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How to insure yourself against life’s big disasters

Nicole Pedersen-McKinnon

A metaphorical Monopoly “go to jail” card can mean the financial onsequences linger indefinitely. So let’s look at the most common “holy sh*t!” situations and how best to contain their damage:

1. Being made redundant

There’s a bit of this going around, although I realise the swingeing cuts are in industries that need desperately to adapt – think manufacturing, retail and, gulp, media.

How to protect yourself? Beyond doing all you can to be indispensable, this requires a cash stash. Three months’ salary is recommended, but safer still is six months. That way you have half a year’s grace before you get worried about new employment.

The best place to keep this is an instant-access offset account attached to your mortgage. Savings rates are lower than home loan rates so you’ll make less than you’ll save in mortgage interest – and you’ll pay no tax on the latter.

There used to be a big market in redundancy protection insurance but, as the incidence increased through the decades, this has shrunk. What’s out there is often designed to cover specific bills, mortgage or credit cards for 12 or fewer months.

Top tip: Don’t be fooled by the name – income-protection insurance pays out only on accident or illness.

2. Becoming sick or injured

This is where you do want income-protection insurance. It replaces up to 75 per cent of your salary if you are physically unable to work, potentially up to age 65.

Predictably, this is extra expensive, so consider cutting costs by opting for a longer waiting period before payments begin. If you have that six-month salary buffer, you could wait six months. Income-protection insurance premiums are also tax deductible (payments are taxable) which reduces the cost.

Don’t forget to ensure your partner is covered as, should you have to stay home to look after them, your own earning power would be curtailed.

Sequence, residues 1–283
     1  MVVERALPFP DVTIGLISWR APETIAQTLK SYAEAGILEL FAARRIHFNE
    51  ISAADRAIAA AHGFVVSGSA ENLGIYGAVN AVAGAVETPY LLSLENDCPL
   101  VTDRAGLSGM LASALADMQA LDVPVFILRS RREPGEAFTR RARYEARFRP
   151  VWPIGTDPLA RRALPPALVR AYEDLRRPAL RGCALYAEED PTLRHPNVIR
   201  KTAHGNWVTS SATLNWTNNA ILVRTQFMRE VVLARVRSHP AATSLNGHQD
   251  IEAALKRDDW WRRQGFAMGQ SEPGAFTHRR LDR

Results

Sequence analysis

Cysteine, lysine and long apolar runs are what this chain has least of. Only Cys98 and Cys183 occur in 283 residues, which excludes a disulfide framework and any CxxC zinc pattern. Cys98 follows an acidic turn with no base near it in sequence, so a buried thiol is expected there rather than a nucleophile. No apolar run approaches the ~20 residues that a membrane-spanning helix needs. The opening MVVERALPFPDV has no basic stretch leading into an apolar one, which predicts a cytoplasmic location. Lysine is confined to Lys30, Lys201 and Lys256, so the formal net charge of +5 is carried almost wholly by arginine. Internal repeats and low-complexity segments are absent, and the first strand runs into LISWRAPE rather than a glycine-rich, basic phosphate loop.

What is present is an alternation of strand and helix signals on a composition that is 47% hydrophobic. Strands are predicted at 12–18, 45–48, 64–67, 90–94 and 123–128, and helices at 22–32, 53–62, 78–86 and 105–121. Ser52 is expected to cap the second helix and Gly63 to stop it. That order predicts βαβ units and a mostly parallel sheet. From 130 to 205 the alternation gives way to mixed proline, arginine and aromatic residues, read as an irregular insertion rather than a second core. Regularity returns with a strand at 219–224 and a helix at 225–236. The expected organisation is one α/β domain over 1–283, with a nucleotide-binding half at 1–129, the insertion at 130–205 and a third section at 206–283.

Top tip: It’s now possible to insure a person doing the unpaid, unrelenting job of parenting. Replacing this role would be costly indeed.

3. A death in the family

It’s all getting a little grim, but life insurance is also a must. The last thing you want is financial trauma on top of emotional.

Life insurance pays a tax-free lump sum, which needs to be large enough not just to pay out debts, but to also replace income and cover the forecast cost of raising kids. You need a lot more than you might think.

Life policies are often sold with total and permanent disability insurance, which pays a lump sum in the event of just that. This is worth having too, but check it wouldn’t offset against any income-protection payments.

Top tip: Look for a life policy that pays out early on diagnosis of a terminal illness. The money could be crucial to meeting medical costs.

4. Loss of belongings

What do you reckon is the replacement value of your house today? How much is it insured for? If you’re like about 80 per cent of Aussies, it won’t be enough. Check you have a total replacement policy or jump on ASIC’s website moneysmart.gov.au to see if you are exposed.

Also make sure your contents policy is up to date and you’ve listed and documented all valuables so you might get a claim paid.

Top tip It’s vital contents covers liability outside your home, say in case you’re in a costly incident on a golf course.

5. An unexpectedly massive bill

Termites feasting on your home, an enormous special levy from your strata – such financial face slaps can sabotage the best laid plans. Insurance won’t help you here but diligent saving and investing throughout life will.

You need to keep a decent chunk accessible (a mortgage offset account is once again gold).

It’s also not bad to retain access to some form of borrowing, just in case. The cheapest way is by never quite discharging your home loan – leave a bit owing so you could up the debt if absolutely necessary.

Top tip: Money is both for enjoying AND for emergencies. Far from lamenting the wealth depletion one might inflict, the ability to financially cope is the mark of successful management.

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